Posts: 1,013
'Bolter
I found this article from jalopyjournal.com (H.A.M.B.) kind of interesting. It's over 11 years old.

How to Build a Voltage Regulator for $3 [jalopyjournal.com]


Andy

His: 1947 Chevrolet 3104 [flic.kr]
Hers: 2008 American Saddlebred [flic.kr]

"I proudly Stand for the Flag and Kneel for the Cross" Unknown
Re: 49 3100 gas gauge
rad #1410086 Sun May 16 2021 02:34 PM
Joined: Feb 2019
Posts: 2,102
P
AD Addict
Nice, easy to follow article on how to build them. Thanks Andy!

Not that I need one, but if I did (not being an electronics guy), sourcing parts on an individual basis, looked to be somewhat pricey. If you were to build ten you could build them cheap, but I couldn’t find decent pricing on individual pieces.

Last edited by Phak1; Sun May 16 2021 02:35 PM.

Phil

1952 Chevrolet 3100
Project Journals
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‘59 235 & hydraulic lifters
“Three on the Tree” & 4:11 torque tube
12v w/ Alternator
Re: 49 3100 gas gauge
rad #1410147 Mon May 17 2021 12:37 AM
Joined: Mar 2010
Posts: 610
B
Curmudgeon
Two things about the Runtz.
* It's mounted on one end on the post of the gauge. If it has a circuit board, typical truck vibration could cause a small crack. Epoxy encasing may be needed.
* If I was in the business, I would want the defective units returned to determine what component failed and revise the design.

Voltage surge.
Operating a 6 volt, series wound (if I remember correctly) starter motor with 12 volts works but I don't know if this increases voltage surge. In any case, a protected auxiliary panel/box connected directly to the battery is probably a smart thing to do for providing power for all add-on solid state devices (today's tech electronics).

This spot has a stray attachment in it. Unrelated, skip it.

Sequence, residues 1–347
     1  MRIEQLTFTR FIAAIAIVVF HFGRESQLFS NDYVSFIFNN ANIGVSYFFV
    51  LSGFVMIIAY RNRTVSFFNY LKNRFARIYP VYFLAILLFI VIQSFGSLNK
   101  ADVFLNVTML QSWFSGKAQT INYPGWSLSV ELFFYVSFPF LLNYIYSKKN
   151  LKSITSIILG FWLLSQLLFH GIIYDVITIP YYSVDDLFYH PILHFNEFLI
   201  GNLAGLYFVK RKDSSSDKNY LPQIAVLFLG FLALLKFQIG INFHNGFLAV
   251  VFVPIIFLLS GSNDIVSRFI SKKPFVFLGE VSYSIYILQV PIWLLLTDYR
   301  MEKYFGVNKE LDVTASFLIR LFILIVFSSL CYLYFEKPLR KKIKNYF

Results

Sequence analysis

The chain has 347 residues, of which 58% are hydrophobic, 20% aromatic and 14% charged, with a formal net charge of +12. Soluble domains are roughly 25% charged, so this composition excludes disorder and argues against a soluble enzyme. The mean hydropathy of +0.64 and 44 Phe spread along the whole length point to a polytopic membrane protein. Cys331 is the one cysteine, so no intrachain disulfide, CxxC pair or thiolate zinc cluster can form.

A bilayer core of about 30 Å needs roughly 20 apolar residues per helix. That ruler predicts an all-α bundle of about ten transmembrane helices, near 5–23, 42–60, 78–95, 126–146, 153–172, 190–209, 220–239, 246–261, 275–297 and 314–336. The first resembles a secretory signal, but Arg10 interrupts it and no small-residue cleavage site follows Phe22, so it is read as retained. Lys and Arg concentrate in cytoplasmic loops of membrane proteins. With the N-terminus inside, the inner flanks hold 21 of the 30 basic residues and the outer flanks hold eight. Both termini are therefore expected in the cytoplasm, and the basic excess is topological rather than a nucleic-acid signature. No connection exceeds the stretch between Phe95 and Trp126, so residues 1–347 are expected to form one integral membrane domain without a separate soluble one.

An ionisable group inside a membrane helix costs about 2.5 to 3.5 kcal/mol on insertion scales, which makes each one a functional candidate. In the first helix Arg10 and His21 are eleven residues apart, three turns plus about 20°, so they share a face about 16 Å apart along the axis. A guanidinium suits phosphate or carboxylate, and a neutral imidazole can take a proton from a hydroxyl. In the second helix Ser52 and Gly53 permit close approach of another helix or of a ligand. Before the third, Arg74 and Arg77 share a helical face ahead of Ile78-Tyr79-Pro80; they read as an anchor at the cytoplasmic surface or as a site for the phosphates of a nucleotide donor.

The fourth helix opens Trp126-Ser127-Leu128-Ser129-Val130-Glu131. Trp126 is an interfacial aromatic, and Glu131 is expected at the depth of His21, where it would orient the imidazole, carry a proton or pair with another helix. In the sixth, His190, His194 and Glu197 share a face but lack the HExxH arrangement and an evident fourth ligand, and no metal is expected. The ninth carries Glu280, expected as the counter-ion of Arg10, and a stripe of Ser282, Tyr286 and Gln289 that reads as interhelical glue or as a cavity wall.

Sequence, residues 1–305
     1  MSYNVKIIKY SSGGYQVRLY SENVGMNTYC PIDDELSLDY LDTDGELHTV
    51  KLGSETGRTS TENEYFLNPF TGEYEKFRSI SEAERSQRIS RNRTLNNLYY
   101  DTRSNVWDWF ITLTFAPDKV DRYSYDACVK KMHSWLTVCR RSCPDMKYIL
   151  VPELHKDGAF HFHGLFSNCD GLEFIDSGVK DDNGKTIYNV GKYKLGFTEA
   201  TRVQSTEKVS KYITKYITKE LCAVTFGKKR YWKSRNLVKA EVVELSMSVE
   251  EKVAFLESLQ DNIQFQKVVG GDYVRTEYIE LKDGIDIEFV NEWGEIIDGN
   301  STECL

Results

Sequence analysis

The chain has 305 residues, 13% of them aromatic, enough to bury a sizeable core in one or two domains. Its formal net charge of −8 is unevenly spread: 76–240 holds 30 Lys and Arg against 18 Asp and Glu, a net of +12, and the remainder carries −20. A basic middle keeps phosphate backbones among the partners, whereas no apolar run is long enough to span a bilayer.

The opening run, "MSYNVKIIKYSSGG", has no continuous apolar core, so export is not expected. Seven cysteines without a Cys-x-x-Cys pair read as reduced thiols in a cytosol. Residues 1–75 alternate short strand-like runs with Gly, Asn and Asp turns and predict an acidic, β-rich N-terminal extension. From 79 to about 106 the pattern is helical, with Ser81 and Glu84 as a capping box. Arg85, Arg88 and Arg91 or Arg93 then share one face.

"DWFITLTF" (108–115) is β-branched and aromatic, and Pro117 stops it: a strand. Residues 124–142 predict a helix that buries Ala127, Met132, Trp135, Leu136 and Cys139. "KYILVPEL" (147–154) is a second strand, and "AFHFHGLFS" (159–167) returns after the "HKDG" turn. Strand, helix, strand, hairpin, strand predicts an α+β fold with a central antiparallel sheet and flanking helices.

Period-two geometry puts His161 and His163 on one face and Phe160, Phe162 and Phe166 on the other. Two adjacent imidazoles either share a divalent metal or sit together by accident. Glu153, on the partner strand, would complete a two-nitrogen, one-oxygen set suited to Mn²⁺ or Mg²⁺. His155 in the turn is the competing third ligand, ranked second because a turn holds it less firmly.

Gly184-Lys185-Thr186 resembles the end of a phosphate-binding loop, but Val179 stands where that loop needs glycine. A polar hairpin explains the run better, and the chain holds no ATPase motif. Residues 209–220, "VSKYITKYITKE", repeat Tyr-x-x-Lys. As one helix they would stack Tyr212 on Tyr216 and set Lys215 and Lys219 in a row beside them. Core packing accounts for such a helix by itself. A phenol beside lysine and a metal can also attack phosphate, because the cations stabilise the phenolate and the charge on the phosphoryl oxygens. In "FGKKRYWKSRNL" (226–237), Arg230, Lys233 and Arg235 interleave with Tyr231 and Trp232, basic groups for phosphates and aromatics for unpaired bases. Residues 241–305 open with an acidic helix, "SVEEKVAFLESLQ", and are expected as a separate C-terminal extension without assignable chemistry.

Power supply info (tech school stuff).
* Dropping resistor = Poor regulation.
* Resistor voltage divider = Basic regulation. Good regulation if input voltage is constant.
* Zener diode = Good regulation. Correct resistor(s) and capacitor(s) have to be calculated.
* 3 pin/leg regulator = Great regulation. Resistor(s) and capacitor(s) require no/minimal calculation. Built-in overvoltage, overcurrent and thermal protection.

Re: 49 3100 gas gauge
rad #1410153 Mon May 17 2021 01:07 AM
Joined: Dec 2013
Posts: 1,013
'Bolter
Rusty, I suppose we've completely hijacked this thread by most reasonable standards. However, there's a lot of really good information coming to the surface. Let us know if you want a new thread started on 12V to 6V regulators.

I thought I was grasping the Zener Diode with resistor(s) configuration, but the introduction of capacitor(s) has me scratching my head. Does the capacitor store excess voltage? I'm even more curious about the 3 pin/leg regulator with buoymaker's 'Great regulation' listing.

Could you resident electrical wizards (and you know who you are) walk us through these circuits from the battery to the gas gauge?


Andy

His: 1947 Chevrolet 3104 [flic.kr]
Hers: 2008 American Saddlebred [flic.kr]

"I proudly Stand for the Flag and Kneel for the Cross" Unknown